Torch bearers

There seem to be two fundamental tendencies in music today: On the one hand, a move towards complete virtualisation, where tracks and albums are merely released as digital files. And, on the other, an even closer union between music, artwork, packaging and physical presentation. Where do you stand between these poles?

I support both and see no reason why they can't exist harmoniously, though I am not a big fan of people experiencing new music for the first time digitally behind the cold death grips of a computer screen. I'd much rather have people experience the almost holy process of un-wrapping a record, taking a drive or laying on a couch and getting lost in sound. Digital files take away from that ritual and create their own process of accessing that is much less warm and relaxing in my opinion.
The role of an artist is always subject to change. What's your view on the (e.g. political/social/creative) tasks of artists today and how do you try to meet these goals in your work?

Artists carry an important torch that has been burning for thousands of years - throughout political and social upheavals, throughout climate shifts, through all of human experience. They are the true stewards of truth and beauty and put forth as much effort into what they do as any other profession. I am always reminding myself that, as a musician, I have a straight up obligation to be true to myself as a human being, and to constantly do my best to connect with people on a level that I feel is critical to myself and to them. I do this by trying to be patient with the way life is developing and to surround myself with people of similar inclinations.
Music-sharing sites and -blogs as well as a flood of releases in general are presenting both listeners and artists with challenging questions. What's your view on the value of music today? In what way does the abundance of music change our perception of it?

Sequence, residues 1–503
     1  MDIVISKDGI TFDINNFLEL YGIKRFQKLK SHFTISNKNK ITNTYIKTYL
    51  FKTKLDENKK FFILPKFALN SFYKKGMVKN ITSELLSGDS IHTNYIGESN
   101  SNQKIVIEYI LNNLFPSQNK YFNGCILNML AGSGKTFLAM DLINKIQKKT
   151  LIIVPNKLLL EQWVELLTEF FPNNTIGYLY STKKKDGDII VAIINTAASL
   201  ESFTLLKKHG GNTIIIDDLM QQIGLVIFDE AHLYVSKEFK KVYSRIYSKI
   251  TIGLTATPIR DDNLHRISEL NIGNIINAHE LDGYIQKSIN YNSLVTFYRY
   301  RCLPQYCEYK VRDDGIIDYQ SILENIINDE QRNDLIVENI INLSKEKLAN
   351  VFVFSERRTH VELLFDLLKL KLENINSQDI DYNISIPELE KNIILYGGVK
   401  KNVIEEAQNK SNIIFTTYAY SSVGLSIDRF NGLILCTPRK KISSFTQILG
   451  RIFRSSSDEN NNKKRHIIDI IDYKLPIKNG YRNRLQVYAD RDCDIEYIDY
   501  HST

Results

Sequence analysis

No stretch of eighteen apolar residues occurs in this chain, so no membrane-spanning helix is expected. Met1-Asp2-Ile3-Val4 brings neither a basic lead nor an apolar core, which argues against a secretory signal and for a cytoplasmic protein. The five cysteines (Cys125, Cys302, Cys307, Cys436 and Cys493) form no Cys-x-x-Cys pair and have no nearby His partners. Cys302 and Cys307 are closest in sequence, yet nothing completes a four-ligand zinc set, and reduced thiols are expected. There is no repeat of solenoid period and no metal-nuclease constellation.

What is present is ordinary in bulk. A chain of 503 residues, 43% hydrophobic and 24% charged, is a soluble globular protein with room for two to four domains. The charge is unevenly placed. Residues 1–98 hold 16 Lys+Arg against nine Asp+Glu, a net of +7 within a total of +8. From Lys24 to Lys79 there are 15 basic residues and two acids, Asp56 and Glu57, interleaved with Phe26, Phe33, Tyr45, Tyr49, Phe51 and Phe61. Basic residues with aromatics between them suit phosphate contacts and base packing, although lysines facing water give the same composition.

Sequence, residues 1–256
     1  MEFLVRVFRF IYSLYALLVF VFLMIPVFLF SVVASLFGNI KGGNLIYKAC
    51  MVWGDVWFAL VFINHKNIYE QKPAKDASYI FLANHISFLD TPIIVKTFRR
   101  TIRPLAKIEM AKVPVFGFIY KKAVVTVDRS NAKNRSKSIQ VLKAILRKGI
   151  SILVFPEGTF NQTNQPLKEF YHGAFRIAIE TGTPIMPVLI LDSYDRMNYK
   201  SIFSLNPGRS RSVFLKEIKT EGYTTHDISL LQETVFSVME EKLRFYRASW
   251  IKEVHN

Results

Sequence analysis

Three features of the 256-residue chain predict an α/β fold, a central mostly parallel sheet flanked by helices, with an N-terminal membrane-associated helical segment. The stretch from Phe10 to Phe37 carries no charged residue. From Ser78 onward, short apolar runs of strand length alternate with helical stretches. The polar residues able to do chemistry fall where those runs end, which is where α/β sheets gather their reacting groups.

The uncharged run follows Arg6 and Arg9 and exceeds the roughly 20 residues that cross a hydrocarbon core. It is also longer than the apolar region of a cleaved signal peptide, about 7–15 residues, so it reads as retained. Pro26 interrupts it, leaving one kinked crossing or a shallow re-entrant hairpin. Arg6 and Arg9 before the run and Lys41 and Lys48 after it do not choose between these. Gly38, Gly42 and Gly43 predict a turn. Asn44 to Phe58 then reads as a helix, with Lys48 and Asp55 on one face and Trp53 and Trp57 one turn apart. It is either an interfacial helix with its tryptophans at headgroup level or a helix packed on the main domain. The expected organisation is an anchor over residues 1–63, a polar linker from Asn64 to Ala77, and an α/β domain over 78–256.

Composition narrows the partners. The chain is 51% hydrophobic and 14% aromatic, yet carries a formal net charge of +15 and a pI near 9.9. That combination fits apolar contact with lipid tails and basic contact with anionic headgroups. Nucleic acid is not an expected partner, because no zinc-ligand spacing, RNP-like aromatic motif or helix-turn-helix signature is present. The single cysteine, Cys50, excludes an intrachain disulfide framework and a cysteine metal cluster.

Good music is good music and is valued subjectively as such by the listener, regardless of how hot and heavy it's being pumped out there. It can create a bottleneck, like the abundance of anything else, but if anything I think it encourages people to dig deeper and sift through the mess to find something that truly challenges and connects with them. It encourages people to play detective more and investigate what's being thrown at them with greater diligence.
How, would you say, could non-mainstream forms of music reach wider audiences?

I'm not sure. All good underground forms of music have their own 'scene' with their own passionate devotees who do what they can to spread the word and expose bands they appreciate. With social media becoming more and more central to everything in life - for better or for worse - the possibilities are endless in terms of how creative people can get to reach wider amounts of people.
Usually, it is considered that it is the job of the artist to win over an audience. But listening is also an active, rather than just a passive process. How do you see the role of the listener in the musical communication process?

The listener is of paramount importance and should be treated with respect by the artist. Not necessarily catered to unequivocally beyond all expectations, but certainly acknowledged more than a lot of self-indulgent experimental artists sometimes tend to. This doesn't mean the listener is always 'correct' when it comes to analysing someone else's piece of work, but they should be acknowledged as an active, important participant in the process of creating, recording and performing music.

Reaching audiences usually involves reaching out to the press and possibly working with a PR company. What's your perspective on the promo system? In which way do music journalism and PR companies  change the way music is perceived by the public?

Everyone involved in pushing a record has their own set of unique duties and skill sets to bring to the table. A PR company definitely knows how to push something a lot better than I, as just a guitarist / songwriter, would when it comes to press and exposure. Personally I just sort of let them do their thing as it isn't my obligation / skill set. They obviously play a huge role in forming a public perception of a record and I'm cool with that aspect of what they do. In a way, it's also a creative endeavour that they undertake and I find that exciting.

Please recommend two artists to our readers which you feel deserve their attention.


You can read and hear more about Caspian at caspianmusic.net

Previous page:
Digging in the rubble  
2 / 2